Artforum, which was then based in Los Angeles, published an issue devoted to the movement. “Surrealism” danced across the cover in bold red lettering against a backdrop of bubbles: an artwork titled Surrealism Soaped and Scrubbed (1966) by Ed Ruscha. “While tipping his hat to the legacy of European surrealism, Ruscha also acknowledged its contribution to the pristine aesthetics of Los Angeles’s finish fetish and light-and-space art,” wrote Anderson, referencing the major veins of California minimalism.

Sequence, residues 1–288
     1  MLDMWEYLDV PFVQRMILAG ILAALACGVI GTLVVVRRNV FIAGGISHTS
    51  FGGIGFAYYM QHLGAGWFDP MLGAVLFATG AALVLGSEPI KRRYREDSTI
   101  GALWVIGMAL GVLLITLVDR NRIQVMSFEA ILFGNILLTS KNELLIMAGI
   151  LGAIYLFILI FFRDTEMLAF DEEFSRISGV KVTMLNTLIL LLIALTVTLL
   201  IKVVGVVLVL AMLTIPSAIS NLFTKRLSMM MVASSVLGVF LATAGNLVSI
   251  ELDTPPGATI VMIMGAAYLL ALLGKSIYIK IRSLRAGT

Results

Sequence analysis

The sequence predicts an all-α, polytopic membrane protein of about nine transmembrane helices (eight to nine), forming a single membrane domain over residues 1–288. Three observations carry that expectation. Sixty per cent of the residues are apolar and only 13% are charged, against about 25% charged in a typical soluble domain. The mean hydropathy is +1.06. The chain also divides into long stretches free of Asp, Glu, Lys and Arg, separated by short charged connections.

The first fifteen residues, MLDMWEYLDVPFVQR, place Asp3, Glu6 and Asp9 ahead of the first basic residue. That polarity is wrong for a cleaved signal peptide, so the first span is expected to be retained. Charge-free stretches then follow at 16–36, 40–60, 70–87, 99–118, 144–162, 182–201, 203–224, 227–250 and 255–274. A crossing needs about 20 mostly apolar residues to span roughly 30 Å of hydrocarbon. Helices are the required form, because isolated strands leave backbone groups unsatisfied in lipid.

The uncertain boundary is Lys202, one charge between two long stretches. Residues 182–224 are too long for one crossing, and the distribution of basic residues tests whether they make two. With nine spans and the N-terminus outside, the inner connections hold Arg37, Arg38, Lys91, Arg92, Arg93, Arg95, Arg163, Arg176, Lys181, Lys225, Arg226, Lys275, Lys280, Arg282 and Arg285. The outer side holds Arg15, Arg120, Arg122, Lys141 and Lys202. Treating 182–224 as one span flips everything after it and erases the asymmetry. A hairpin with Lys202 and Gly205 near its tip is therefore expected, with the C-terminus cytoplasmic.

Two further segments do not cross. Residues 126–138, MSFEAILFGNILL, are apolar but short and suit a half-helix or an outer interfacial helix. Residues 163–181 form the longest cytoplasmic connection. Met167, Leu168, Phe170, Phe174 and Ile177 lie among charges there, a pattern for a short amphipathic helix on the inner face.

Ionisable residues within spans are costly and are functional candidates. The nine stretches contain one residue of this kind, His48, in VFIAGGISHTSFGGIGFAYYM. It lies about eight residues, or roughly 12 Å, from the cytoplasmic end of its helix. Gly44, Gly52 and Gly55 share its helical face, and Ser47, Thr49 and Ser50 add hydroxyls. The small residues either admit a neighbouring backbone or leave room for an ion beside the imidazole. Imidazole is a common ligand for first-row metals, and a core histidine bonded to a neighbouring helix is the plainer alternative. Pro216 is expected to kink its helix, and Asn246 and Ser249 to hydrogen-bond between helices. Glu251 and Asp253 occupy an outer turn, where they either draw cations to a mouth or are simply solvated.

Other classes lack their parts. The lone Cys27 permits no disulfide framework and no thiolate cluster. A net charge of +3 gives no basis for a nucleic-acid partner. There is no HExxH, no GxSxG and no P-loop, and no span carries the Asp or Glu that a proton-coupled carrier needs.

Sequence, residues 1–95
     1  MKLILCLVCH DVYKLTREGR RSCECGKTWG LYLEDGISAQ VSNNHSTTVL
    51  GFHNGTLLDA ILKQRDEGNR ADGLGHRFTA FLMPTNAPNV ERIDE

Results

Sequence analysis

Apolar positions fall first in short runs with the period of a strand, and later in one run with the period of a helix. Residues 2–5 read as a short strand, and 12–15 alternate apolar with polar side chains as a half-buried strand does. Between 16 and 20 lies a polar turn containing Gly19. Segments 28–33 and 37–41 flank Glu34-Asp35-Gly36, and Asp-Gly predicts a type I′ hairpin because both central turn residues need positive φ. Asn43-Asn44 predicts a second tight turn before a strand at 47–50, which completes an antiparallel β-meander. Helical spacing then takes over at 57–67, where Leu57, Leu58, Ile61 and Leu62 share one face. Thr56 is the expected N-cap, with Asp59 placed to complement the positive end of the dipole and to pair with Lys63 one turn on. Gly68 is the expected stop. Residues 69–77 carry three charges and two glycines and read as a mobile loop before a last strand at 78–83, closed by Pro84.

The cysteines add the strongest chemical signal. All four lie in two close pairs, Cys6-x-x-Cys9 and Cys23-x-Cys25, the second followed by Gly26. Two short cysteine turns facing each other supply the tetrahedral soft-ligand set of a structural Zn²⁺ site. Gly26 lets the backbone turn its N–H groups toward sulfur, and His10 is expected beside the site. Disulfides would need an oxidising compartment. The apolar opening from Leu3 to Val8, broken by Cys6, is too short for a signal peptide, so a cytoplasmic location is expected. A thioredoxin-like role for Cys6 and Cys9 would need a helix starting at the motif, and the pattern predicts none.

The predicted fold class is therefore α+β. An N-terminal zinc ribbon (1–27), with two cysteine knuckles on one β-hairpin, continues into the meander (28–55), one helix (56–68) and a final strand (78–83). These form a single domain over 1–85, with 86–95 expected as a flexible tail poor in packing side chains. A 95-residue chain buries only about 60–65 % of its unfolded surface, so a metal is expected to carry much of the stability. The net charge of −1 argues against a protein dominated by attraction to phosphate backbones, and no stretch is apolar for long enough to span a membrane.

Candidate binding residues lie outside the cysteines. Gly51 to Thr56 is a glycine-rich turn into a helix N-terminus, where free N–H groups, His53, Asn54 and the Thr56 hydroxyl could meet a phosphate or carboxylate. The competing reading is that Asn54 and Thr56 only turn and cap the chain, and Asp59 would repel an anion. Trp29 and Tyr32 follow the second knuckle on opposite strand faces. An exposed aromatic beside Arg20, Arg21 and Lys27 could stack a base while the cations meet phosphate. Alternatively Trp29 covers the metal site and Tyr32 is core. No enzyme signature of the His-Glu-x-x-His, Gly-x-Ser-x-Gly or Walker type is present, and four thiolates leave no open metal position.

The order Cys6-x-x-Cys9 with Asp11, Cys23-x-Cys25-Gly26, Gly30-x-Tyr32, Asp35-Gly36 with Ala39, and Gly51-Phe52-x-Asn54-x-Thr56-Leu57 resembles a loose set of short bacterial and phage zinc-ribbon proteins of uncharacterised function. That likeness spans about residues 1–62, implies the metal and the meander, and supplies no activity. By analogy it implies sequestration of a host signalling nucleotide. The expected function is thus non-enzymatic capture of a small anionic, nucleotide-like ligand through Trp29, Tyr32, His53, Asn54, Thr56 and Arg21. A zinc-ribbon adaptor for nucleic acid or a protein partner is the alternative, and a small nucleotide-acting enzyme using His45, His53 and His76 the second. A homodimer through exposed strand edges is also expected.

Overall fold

By the 1960s, Surrealism had permanently infiltrated the West Coast subconscious, burbling into its text art, sculpture, performance, and painting. “Los Angeles is isolated from these intellectual centers,” said Murphy. “Most postmodern artists think of themselves as outliers or cowboys. Left of center. That’s similar to the way that the Surrealists saw themselves.”